ts became more conscious of their movement as art, as an evolution of the ego. A process of discovery, if you will. He noted three elements of public space. One, is the site itself. Two, is the context of the site. And, three, is the social/political forces at the site. Schuetz brought up that ecology is an exchange system between man and nature, and that there is not a nature versus ecology debate. Humans are a part of nature. And, he completed his talk with the idea that it is NOT necessary to use the word ART for this type of work in the public sphere and that we need to invent a new word!

Navjot Altaf advocated for more long-term projects where community dial
ogue can have a lasting affect, rather than short-term projects. She advocated for active listening when working with communities and felt that building relationships is a part of the art. Ravi Agarwal brought up the crossover of arts and activism and felt sometimes it is difficult to distinguish the two. He also talked about institutions mediating artists’ installations and that this is problematic. Michaela Crimmin presented projects that the RSA supports, like inviting Danish artist Tue Greenfort to address waste disposal for the Frieze Art Fair in 2008. Crimmin has been collaborating with KHOJ in Delhi since 2007, to develop residencies and workshops in India with artists from the UK (including Kayle Brandon and Heath Bunting).

After a full day of sessions, Ravi Agarwal i
nvited our panel to see his 48c installations, so we headed out in a taxi to take in as many site works as we could before having dinner at the Norwegian Embassy, the sponsor for the symposium.

Directly across from our hotel, The Park, was a designated protest area where Delhi artist, Amar Kanwar created a text/film installation. It was executed beautifully with painted signage panels and billboard lighting, and a video monitor playing a complex narrative film in Hindi at the end of a long fence. Here people could officially gather to interact about Indian Parliament, in anticipation of the winter session that would take place at the end of 2008. Kanwar received an honorary doctorate in Fine Arts from the Maine College of Art (USA).

Next we ventured to the Mandi House Metro Station to see Ravi Agarwal’s multiple site works addressing the endangered white-backed vulture, indigenous to India. The work entitled “Extinct?” consisted of stretched architectural screens with video projections of vultures located in the center of a medium-sized roundabout/park. There were also photo-based billboards stills on the exterior of the roundabout, and sites inside the adjacent National Museum of Natural History. With this work, Agarwal, attempts to revive the memory of the vulture in the city, where its presence some 15 years ago was normal. They are now 97% extinct. Vulture Walks were planned as events with the public and scientists to promote conservation (most likely rodenticide education).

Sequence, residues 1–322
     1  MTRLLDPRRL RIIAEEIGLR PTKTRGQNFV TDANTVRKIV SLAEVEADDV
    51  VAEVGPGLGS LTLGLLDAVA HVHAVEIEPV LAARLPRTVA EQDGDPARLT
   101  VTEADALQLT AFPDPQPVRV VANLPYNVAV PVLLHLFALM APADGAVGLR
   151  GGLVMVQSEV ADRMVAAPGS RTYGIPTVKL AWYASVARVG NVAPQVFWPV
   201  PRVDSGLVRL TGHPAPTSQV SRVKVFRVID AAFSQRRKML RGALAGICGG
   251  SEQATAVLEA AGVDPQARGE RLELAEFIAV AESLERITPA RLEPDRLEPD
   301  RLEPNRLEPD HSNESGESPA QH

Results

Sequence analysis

We piled back in the taxi and headed to Barakhamba Road, at Barakhamba Metro Station, where we encountered two works addressing the expansion of the road into a wide boulevard, and the transition in this area from residential housing to high-rise development. "Crane + Tree" by Bangalore-based Kaishnaraj Chonat, is a very dramatic, Smithsonesque, dead, hanging tree, above an abandoned residence in a commercial area. For this installation, he uses nature as a metaphor to symbolize the conflict between urban and semi-urban and rural sectors who struggle for space as the city expands. It felt violent and the tree violated. I wonder how the public will respond to this work; if such a dramatic spectacle will help the situation?

Immediately off the Road in front of the Crane + Tree installation was a two-channel video projection entitled "BARAKHAMBA" by Navjot Altaf. The footage is previously captured interviews with local community members soliciting responses to the changing landscape of Barakhamba Road, on a continuous loop. This work was very popular with passersby as a big screen video projection is hardly common. There was also a live feed on a separate screen of the audience watching the taped interviews, where viewers become a part of the art.

Sunday, December 13th, the second day of the two-day symposium

The first session of the second d